Here’s why you and your little one need to avoid being around second-hand smoke as much as possible.
Did you know that the chemicals emitted from second-hand smoke are harmful to you and your baby?
With May being Anti-Tobacco Awareness Month, the subject of second-hand smoke has come under scrutiny once again. While many women quit smoking when they fall pregnant, no one considers the negative effects that second-hand smoke, from friends and family, can have on both you and your baby. Research shows indirect contact with cigarette smoke can have a detrimental impact on your newborn baby’s health. So, it’s not enough to simply quit smoking. The key is to steer clear of second-hand smoke, too.
The health risks of second-hand smoke for babies
“Indirect contact with cigarettes can have harmful effects on the health of pregnant women and their babies,” says Dr Howard Manyonga, an obstetrician and head of The Birthing Team, an affordable maternity care programme available in Johannesburg, Pretoria and Durban.
Dr Manyonga highlights the dangers that exposure to cigarettes can have on babies:
- Low birth weight – Smoking while pregnant and exposure to second-hand smoke can affect the weight of your child at birth. A lower birth weight means babies are weaker and at a higher risk for serious health problems.
- Preterm birth – Babies who are exposed to second-hand smoke while in the womb are at risk of a premature birth. If born preterm, the baby’s lungs are not fully developed, and this can result in breathing difficulties.
- Sudden infant death syndrome (SIDS)- Infants who are exposed to second-hand smoke after birth are more likely to die of SIDS. This is a disorder where a newborn dies unexpectedly while sleeping.
- More sick days – Children whose parents smoke around them are more likely to get bronchitis and pneumonia. If a child has asthma, their symptoms can also be more severe in a smoking household.
Steer clear of second-hand smoke
If you’re pregnant, always encourage people not to smoke around you during your pregnancy and after birth. “Make sure your partner, family and friends smoke outdoors as far away from you as possible and declare your house and car a smoke-free zone,” says Dr Manyonga.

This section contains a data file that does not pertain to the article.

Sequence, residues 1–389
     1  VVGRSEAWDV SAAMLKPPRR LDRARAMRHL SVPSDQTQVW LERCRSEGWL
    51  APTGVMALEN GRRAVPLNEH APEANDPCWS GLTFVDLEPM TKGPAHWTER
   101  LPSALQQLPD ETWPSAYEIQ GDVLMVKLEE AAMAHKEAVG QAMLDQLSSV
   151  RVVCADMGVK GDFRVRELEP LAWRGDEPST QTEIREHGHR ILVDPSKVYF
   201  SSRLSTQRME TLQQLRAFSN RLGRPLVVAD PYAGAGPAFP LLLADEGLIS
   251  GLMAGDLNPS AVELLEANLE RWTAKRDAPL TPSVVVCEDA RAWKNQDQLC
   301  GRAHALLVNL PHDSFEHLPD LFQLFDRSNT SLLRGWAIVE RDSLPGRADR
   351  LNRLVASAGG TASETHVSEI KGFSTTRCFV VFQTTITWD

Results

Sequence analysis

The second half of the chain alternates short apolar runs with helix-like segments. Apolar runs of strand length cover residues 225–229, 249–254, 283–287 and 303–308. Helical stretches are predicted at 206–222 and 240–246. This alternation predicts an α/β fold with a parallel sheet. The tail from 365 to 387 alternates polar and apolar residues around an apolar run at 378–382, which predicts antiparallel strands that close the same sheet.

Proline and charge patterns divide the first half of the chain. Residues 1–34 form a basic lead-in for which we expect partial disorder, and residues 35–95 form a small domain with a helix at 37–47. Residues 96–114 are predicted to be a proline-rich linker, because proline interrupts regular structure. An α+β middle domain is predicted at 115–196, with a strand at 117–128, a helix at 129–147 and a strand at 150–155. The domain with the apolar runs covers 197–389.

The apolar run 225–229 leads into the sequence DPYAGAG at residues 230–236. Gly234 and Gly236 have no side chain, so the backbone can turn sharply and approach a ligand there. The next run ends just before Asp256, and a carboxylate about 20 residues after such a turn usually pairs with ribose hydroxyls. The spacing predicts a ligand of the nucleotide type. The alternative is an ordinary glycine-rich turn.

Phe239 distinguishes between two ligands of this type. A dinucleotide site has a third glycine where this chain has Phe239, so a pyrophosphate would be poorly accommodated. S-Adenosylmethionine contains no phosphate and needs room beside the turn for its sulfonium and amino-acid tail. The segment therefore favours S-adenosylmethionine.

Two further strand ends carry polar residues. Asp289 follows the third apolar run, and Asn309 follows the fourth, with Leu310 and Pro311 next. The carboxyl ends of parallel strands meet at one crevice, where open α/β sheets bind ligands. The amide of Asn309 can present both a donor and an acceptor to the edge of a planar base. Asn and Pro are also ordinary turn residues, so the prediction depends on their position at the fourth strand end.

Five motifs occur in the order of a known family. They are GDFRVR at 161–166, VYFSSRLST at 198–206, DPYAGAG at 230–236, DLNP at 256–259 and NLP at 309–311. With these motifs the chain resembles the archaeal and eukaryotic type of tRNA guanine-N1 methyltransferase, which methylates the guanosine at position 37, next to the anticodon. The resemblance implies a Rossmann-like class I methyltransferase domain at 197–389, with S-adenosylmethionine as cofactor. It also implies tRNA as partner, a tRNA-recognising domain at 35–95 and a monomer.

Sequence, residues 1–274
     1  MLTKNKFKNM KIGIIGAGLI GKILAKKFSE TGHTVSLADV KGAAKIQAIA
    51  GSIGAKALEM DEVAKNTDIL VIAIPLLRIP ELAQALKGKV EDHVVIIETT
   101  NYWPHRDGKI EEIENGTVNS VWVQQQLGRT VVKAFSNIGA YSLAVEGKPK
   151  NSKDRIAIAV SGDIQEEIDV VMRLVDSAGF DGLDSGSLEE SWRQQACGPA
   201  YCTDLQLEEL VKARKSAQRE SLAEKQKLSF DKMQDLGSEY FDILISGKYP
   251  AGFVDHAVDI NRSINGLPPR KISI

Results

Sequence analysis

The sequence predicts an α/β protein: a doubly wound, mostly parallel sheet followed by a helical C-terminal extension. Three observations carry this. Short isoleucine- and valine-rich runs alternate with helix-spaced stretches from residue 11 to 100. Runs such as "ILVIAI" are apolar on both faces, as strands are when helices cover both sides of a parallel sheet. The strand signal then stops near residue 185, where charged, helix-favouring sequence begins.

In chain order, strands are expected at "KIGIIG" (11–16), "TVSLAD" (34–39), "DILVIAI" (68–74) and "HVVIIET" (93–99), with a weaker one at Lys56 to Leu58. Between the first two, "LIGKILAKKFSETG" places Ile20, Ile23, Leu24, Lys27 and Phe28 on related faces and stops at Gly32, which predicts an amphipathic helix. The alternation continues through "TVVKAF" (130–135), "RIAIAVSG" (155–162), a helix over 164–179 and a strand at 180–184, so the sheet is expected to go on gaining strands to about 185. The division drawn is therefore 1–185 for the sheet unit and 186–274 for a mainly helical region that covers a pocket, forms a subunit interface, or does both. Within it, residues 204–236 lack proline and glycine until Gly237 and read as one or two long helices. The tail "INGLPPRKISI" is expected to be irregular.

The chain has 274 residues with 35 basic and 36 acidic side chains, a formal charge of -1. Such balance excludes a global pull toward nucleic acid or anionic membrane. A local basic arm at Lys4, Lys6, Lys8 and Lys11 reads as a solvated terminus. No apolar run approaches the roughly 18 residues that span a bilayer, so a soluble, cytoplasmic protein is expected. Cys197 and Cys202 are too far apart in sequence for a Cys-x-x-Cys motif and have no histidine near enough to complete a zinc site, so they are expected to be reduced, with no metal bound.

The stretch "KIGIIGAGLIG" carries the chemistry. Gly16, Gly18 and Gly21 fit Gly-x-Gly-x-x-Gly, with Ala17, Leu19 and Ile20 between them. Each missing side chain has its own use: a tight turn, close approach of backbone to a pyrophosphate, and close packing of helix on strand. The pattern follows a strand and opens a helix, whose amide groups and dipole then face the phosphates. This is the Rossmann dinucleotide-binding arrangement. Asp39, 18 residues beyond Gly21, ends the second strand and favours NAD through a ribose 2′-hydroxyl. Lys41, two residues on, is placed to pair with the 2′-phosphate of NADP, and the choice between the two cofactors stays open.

An American Pregnancy Association report highlighted the following:
- There are around 4 000 chemicals present in second-hand smoke, many of which have been linked to cancer. If you, or your unborn baby, is exposed, you could be at risk.
- You could suffer from a miscarriage if exposed to a lot of second-hand smoke.
- Second-hand smoke is extremely harmful to an unborn baby, because their lungs are still developing and won’t be able to adequately get rid of all the toxins and chemicals from the smoke.
Whether you or your partner smokes, the best thing you can do for your health and your little one’s overall health and wellbeing is to stop as soon as possible.
And, once you have your baby it’s important to keep your car and house a smoke-free zone. If you’re planning on getting a nanny or au pair, ensure she doesn’t smoke either. The more you and your child can avoid second-hand smoke, the better.
Want to quit smoking? Check out www.smokefree.gov
NOTE: Looking for the best support throughout your pregnancy?
The Birthing Team, supported by healthcare management company PPO Serve, makes complete private maternity care affordable for uninsured women by charging an all-inclusive fee that covers all necessary scans, tests, medications, services and assessments from 11 weeks of pregnancy to six weeks after delivery.
With a focus on antenatal care and patient education, the teams reduce the risks of preterm delivery and emergency C-sections. They are currently operational at Netcare Park Lane in Johannesburg, the Femina Hospital in Pretoria and JMH City Hospital in Durban.
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